Then the plot kicks in; Wadiya will be attacked by NATO if Aladeen doesn't speak to the United Nations. His right hand man Tamir (Ben Kinsgley) encourages him to make the trip. Reluctantly, Aladeen packs his bags and heads over to New York. Shortly after his arrival, he is ambushed by a man working for Tamir (John C. Reilly in another cameo). Aladeen escapes, but not after his beard is removed and he is rendered "unrecognizeable" to everyone else (more on this later). Now he has to make it on his own in New York City while trying to reclaim his identity as the Admiral General.
I won't too much further in the plot, but suffice to say, it's when the film turns into a fish out of water comedy that the picture starts to suffer. Cohen takes lots of risks in trying to come up with humor; you can't deny he's got guts. Unfortunately, he once again resorts too much to just shocking the audience instead of making us laugh.
For an example, at one point, Aladeen is desperate to find a beard. So he cuts off the head of a dead man. Apparently, this film thinks they have come up with a "money gag," as the head is shown repeatedly as a puppet operated by Aladeen's hand. The problem is, it's not very funny. Frankly, it's a little unsettling. And I can't think of anything it's satirizing.
Further, the screenplay is all over the map. Is the film trying to be a satire on dictatorships? A story about one man's challenge to find love? There are plot contrivances too. Why is a man who was supposed to be executed by Aladeen now helping him to return to power? Why is a far-left woman falling head-over-heels with Aladeen when he continues to be very insulting toward's everyone? And why can't she recognize it IS Aladeen without the beard?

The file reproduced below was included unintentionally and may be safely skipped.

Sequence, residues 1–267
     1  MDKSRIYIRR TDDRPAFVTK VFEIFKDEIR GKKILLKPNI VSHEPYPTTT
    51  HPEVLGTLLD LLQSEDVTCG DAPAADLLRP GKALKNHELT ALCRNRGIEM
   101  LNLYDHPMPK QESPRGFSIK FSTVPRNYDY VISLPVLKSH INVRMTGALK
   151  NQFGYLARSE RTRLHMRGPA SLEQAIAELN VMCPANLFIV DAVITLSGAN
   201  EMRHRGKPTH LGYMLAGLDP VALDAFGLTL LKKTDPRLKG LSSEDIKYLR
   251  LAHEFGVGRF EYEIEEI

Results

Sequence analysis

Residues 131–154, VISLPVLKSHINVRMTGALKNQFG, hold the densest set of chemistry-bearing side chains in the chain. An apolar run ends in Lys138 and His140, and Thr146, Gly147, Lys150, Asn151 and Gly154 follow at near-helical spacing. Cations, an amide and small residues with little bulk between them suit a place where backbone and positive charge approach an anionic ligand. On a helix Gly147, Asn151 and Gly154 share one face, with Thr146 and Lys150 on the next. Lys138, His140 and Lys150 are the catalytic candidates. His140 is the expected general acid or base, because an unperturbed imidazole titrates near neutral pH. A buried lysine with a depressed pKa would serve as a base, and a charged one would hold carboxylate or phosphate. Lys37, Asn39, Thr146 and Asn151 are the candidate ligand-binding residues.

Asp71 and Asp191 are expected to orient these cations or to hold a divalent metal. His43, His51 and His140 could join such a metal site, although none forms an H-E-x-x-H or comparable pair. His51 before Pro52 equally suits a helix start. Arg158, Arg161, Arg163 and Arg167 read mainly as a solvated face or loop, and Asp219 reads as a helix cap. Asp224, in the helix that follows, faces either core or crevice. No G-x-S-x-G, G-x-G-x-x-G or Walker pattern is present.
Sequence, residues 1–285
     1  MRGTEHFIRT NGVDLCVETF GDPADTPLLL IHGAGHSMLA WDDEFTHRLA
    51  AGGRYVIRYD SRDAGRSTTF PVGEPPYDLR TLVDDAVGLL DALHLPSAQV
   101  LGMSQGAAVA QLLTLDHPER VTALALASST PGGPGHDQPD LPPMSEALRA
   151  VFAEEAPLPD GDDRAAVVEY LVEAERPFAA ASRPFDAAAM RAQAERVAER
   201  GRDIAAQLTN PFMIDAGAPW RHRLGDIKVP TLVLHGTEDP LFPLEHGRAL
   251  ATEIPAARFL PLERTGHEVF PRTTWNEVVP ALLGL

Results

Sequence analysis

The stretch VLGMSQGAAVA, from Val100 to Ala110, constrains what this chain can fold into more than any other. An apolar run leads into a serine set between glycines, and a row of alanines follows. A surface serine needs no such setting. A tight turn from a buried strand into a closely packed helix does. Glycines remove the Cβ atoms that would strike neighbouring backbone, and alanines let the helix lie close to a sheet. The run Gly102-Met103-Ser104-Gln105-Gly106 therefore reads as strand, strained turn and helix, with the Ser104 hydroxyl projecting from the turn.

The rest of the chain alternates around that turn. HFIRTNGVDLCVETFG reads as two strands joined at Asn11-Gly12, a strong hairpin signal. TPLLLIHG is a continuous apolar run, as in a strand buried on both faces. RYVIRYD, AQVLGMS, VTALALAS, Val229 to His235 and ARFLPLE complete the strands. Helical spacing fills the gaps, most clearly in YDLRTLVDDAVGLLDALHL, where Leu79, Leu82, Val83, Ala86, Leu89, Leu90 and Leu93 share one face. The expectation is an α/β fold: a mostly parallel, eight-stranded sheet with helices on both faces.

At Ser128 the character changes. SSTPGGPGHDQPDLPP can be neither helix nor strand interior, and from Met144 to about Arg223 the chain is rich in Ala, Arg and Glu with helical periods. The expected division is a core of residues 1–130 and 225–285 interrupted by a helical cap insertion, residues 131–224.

(That woman, by the way, is Zoey, and she's played by Anna Farris. Needless to say, it's not a well-written role.)
"The Dictator," in short, needs several re-writes. Especially with it's plot. Yes, even outrageous comedies like these sometimes need a concise plot (look at "A Fish Called Wanda," for example). And then, try to carry what worked early on into the rest of the picture. Honestly, if it wasn't for the first twenty minutes, I might have the theater in a very sour mood. As it was, I still left deeply underwhelmed. I can only hope that Sacha Baron Cohen will review his screenplay and his jokes more carefully next time.
Long, but worth watching
Spanning from his days as a student in South Africa to his assassination in India, "Gandhi" recounts several events of the man's life. In South Africa, Gandhi (played terrifically by Ben Kingsley) fights against discrimination laws against Indians, but instructs his followers to fight non-violently. This will set a precedent for his return to India, where he travels the country, observes the state of the people, and takes on the discriminatory British laws one by one. Time and time again, the British authorities try to bring him down, but Gandhi continually growing support from his people make it harder to suppress his demands. However, when India's independence is increasingly becoming a reality, so is the fact that India could partition into two nations because of religious differences, something Gandhi fiercely opposes and has trouble trying to control.